Lighthouse Festival Theatre in Port Dover is one of three local organizations getting a much-needed boost from the province.
Lighthouse, Woodland Cultural Centre in Brantford and Outside Looking In, an Indigenous dance troupe on Six Nations of the Grand River, are receiving one-time provincial government grants to help survive the COVID-19 pandemic.
Lighthouse Theatre will receive $71,000, while Woodland will get $60,000 and Outside Looking In will receive $32,280. The money comes from a $25-million funding announcement made by Lisa MacLeod, Ontario’s Minister of Heritage, Sport, Tourism and Culture Industries.
“This funding is absolutely critical,” MacLeod said. “Over the past 11 months, the sectors I represent at Queen’s Park are among those the hardest hit and will take the longest to recover from the pandemic.
“It has devastated our cultural institutions and tourism sector in every single part of Ontario.”
She said the funding will help ensure that Ontario residents will be able to visit cultural institutions and enjoy live theatrical performances when it is safe to do so.
The funding includes $3.8 million for institutions and groups in Southwestern Ontario, including the Stratford Festival and the Shaw Festival Theatre.
The government said the one-time investment aims to help artists and arts organizations remain solvent and prepare for a time when they can fully re-open their facilities, resume full programming and welcome back their visitors and audiences as a result of COVID-19.
Janis Monture, executive director of Woodland, welcomed the funding.
“As we move into the recovery stage from this pandemic, this funding will assist Woodland in being able to sustain our operations, create new programmes and prepare to re-open once it is safe to do so,” she said. “Woodland looks very forward to welcoming everyone back to our programming spaces and to engage with our visitors once again.”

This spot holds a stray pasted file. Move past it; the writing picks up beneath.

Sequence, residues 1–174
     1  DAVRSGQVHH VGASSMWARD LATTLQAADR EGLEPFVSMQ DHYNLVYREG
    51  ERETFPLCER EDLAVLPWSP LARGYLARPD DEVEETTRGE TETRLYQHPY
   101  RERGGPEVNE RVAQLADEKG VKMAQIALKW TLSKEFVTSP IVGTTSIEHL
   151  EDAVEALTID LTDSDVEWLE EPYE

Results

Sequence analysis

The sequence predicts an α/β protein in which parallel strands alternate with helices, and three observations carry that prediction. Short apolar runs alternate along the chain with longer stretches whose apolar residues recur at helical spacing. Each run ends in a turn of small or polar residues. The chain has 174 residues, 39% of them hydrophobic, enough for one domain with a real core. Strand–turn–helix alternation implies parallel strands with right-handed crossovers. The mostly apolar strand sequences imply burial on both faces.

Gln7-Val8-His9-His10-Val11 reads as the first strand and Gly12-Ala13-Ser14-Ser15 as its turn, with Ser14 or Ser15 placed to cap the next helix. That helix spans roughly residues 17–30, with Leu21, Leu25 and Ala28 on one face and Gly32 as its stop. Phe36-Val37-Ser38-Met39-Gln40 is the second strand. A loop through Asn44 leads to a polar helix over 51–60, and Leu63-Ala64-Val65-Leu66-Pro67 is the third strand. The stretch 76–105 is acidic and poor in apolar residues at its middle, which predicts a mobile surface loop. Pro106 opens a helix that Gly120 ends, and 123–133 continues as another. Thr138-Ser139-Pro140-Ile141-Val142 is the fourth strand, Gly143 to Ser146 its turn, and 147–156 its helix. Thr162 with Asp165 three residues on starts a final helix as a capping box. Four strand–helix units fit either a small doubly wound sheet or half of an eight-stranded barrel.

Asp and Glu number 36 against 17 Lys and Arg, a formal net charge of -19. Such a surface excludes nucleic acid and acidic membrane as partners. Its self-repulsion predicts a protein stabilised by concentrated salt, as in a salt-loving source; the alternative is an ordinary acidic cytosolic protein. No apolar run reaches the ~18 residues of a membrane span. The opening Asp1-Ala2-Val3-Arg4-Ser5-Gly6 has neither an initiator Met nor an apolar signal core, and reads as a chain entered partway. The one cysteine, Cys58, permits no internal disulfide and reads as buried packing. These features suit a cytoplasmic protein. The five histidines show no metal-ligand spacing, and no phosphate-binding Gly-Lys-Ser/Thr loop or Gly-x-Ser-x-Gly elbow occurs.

Brantford-Brant MPP Will Bouma noted that the Six Nations dance troupe has been around for about 13 years, helping Indigenous youth “deal with inter-generational trauma in their own way.”
Toby Barrett, Haldimand-Norfolk MPP, said the Port Dover theatre is a cornerstone of the tourism industry in his riding.
“This is quite welcome news for our Lighthouse Festival Theatre and all who enjoy its offerings,” he said.
The theatre also will receive a Rural Economic Development grant of $55,710, which will be used to co-ordinate a marketing plan with the Showboat Festival Theatre that it has operated in Port Colborne for the past eight years. The plan will include brochures, an advertising campaign and one website instead of two. Lighthouse shows would first run in Port Dover and then be mounted with the same cast in Port Colborne.
Lighthouse executive director Nicole Campbell said theatre officials have so far made no decisions with respect to the 2021 summer season.
“We have a lot of plans but they keep changing,” she said. “We’re waiting as long as we can to make the best possible decision for the theatre.”
– With files from Monte Sonnenberg